Vol. 12 No. 9
Pediatric training in Liberia
photo provided by OGME
Since late 2008, the Department of Pediatrics has partnered with Health Education and Relief Through Teaching to rebuild medical workforce capacity in Liberia. Pictured here is a team at the JFK Medical Center in Monrovia.
The civil war that took place in Liberia from1997 to 2003 caused considerable destruction and loss of life. Much of the country’s medical infrastructure and medical training programs were dismantled. In the aftermath of the war, only about 50 physicians remain, and there is still not a single practicing pediatrician in country.
With more than 50 percent of the population under the age of 18, and with one of the highest mortality rates in the world for infants and children underfive years old , this country is in dire need of pediatricians and pediatric training programs. Although the Dogliotti School of Medicine remained functional during the war, many disruptions brought medical education almost to a standstill. It took the medical students many years (in some cases, up to 12 years) to fulfill the requirements needed to graduate. Those who did manage to graduate found a very limited number of clinical faculty available to teach them at the JFK Medical Center, the country’s national teaching hospital.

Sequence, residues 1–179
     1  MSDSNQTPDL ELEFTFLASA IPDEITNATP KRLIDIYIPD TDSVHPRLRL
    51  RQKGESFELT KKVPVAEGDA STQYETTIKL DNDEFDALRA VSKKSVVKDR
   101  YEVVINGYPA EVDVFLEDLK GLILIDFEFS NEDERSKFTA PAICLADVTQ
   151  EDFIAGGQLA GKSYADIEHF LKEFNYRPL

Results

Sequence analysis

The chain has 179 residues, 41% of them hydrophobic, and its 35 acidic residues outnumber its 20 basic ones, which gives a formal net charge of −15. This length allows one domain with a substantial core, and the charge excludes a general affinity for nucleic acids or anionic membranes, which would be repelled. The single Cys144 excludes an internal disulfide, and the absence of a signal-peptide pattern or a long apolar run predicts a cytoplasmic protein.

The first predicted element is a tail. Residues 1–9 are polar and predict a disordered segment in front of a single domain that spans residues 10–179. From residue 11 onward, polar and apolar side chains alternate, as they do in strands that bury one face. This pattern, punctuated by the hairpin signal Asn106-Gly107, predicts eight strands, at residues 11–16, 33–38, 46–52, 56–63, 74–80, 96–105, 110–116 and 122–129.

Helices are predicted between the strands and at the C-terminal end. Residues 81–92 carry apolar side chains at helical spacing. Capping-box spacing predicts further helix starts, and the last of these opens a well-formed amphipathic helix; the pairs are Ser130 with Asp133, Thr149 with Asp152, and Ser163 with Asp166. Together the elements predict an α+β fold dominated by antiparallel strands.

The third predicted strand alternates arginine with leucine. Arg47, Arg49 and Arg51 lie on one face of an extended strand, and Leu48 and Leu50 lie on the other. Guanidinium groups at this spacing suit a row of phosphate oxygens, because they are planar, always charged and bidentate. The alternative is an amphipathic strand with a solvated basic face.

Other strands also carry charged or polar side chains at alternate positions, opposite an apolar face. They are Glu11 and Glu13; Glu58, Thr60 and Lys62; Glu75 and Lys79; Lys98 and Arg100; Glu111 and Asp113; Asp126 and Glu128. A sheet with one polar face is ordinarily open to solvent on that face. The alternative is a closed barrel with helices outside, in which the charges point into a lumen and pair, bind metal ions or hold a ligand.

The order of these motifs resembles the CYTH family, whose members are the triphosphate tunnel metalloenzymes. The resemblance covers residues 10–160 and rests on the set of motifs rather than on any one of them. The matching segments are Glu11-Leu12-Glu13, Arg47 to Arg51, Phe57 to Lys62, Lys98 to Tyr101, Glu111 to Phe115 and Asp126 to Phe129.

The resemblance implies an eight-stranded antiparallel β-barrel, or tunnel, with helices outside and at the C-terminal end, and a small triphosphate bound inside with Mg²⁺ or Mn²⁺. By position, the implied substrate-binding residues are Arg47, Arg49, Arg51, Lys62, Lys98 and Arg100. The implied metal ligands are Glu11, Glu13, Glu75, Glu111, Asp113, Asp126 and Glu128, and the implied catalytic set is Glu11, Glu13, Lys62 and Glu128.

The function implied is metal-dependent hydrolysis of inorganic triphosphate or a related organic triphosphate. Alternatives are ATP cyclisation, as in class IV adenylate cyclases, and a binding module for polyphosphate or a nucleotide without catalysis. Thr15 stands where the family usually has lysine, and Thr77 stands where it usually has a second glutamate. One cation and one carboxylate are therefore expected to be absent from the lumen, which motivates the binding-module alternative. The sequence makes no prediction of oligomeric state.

In 2008, the Department of Pediatrics partnered with Health Education and Relief Through Teaching (HEARTT), whose goal is to rebuild medical workforce capacity in Liberia. Since late 2008, the Department of Pediatrics has sent seven teams, consisting of one faculty member and one or two pediatric residents, to the JFK Medical Center in Monrovia. Each team has been responsible for teaching residents and medical students in the inpatient unit, the outpatient department and the emergency department. The faculty and residents have created a pediatric curriculum, and have been integrally involved in formal teaching conferences for Liberian medical students and housestaff rotating through the pediatric service.
Over the past year, under the leadership of Patricia McQuilkin, MD, clinical associate professor of pediatrics and director of Global Medicine Education for the Department of Pediatrics, the program has expanded greatly. UMMS has partnered with faculty from Boston Children’s Hospital and the Department of Global Medicine at Mount Sinai School of Medicine to provide 12 months of teaching and coverage on the ground. This project provides great hope to Liberian medical students and housestaff that a new generation of Liberian pediatricians with be forthcoming soon.